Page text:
Thursday, February 8, 2007

Comair Pilots Lose Big

Comair_1 A federal judge yesterday ruled that Comair could unilaterally impose $15.8 million in wage concessions on its pilots, and simultaneously issued an injunction forbidding the pilots' union from striking.  Comair says it will impose the cuts this weekend.  The pilots' union says it will abide by the judge's order, but it wouldn't be surprised if many of its pilots simply decided to quit.

As I said last year when the Northwest Airlines flight attendants were threatening to strike, I think the court got the law wrong.  Comair's argument, which the court adopted, is that Section 1113 of the bankruptcy code gives companies the right to nullify collective bargaining agreements through bankruptcy proceedings, and gives courts the authority to issue no-strike injunctions to facillitate the emergence from bankruptcy.  But an earlier statute -- the Norris-LaGuardia Act -- prohibits federal courts from issuing labor injunctions, and there is nothing in the history of the Bankruptcy Act indicating that Congress intended to override the Norris-LaGuardia Act.

The judge's decision is also wrong as a matter of policy.  The only bargaining power unions have is the power to (threaten a) strike. If that’s taken away, then the clock on American labor relations is turned back to the late 1800s and early 1900s, when federal courts routinely issued injunctions prohibiting strikes, unions struck anyway because they had nothing left to lose, and the result often was at best major disruptions in production and at worst blood in the streets.

For more on yesterday's ruling and the parties' reaction to it, see Alexander Coolidge's article Comair Pilots Lose Key Round in today's Cincinnati Enquirer.


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The sense of deja vu is overwhelming.

The repeated problems in the bankruptcy/labor interface stem in large part from the specialized nature of the bankruptcy courts. Their job is to get the bankrupt company back to profitability, so naturally they discount other values and forbid things like strikes that would get in the way of that goal. Apart from the problems this ruling presents for labor law jurisprudence and policy, it presents an object lesson about the blinders specialists wear --- even judicial specialists.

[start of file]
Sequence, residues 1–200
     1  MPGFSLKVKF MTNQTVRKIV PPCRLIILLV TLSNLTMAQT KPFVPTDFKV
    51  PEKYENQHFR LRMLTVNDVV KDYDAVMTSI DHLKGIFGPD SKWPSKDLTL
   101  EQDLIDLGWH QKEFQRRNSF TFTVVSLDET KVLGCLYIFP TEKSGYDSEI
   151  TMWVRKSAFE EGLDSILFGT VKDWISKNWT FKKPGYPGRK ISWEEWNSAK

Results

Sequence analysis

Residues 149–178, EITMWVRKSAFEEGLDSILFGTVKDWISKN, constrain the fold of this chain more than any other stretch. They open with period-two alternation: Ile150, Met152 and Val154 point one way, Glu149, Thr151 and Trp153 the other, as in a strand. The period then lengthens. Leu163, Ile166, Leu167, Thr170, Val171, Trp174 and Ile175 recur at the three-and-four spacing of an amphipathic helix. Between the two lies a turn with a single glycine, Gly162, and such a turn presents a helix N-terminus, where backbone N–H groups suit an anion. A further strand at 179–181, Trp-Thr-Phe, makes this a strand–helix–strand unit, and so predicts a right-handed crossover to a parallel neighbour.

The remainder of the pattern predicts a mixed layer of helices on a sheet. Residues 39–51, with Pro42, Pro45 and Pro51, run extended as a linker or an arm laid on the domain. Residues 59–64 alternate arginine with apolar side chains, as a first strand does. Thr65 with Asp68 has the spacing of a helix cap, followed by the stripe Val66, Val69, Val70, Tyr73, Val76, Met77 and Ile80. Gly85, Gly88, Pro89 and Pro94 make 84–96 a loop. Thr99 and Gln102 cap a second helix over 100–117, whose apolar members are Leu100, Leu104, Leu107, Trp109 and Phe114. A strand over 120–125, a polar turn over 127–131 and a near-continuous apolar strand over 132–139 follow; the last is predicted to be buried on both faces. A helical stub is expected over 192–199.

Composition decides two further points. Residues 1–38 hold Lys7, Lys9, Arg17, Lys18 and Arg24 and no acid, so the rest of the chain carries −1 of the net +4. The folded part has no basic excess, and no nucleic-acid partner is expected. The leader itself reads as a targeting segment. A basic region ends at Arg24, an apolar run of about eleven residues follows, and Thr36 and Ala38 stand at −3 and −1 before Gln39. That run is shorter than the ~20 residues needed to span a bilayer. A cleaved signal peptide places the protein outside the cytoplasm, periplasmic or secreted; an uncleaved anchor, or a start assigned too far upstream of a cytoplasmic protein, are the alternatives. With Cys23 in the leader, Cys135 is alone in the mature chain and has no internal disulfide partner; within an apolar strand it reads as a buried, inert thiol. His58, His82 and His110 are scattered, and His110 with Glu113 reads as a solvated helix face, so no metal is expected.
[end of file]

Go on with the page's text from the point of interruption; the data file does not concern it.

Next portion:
Posted by: Dennis Nolan | Feb 8, 2007 7:53:40 AM

I agree with Professor Bales. While I have not studied these recent decisions closely, I do not see how they may persuasively be squared with the rather emphatic langauge of N-R or the Supreme Court's relatively recent application of N-R to the Railway Labor Act in a secondary boycott context in Burlington Northern, 481 US 429 (1987).

Posted by: Mike Duff | Feb 8, 2007 9:09:41 AM

Thanks for uncovering this fact Professor.

For the life of me I can't understand the employees themselves, in this case the Comair pilots.

On another blog we've been having a lively discussion about the air traffic controller's strike of 1981 - what worked as well as what did not.

Whether you agree with them or not, that union realized that the only option, the only true leverage they could exert again their employer - legal or not - would be withholding of their services. That has always been the one useful tactic labor never lost. But it does seem certain that in many cases some unions have given it away.

And now, the Comair pilots have agreed with the judge's ruling, but may quit instead.

What kind of job is that going to be? And what value is the Air Line Pilots Association when that union can do essentially nothing for the members of the bargaining unit except tell them to take it.

That value of a union is what made people so hot under the collar in our recent discussion, especially when so many seem to think that letting management beat them up is part of the deal.

I don't happen to agree.

And I am certainly glad to see this note bout the Norris-LaGuardia Act.

The question is how to convince the union not to simply give up.

Posted by: Rob Mark | Feb 8, 2007 12:38:37 PM

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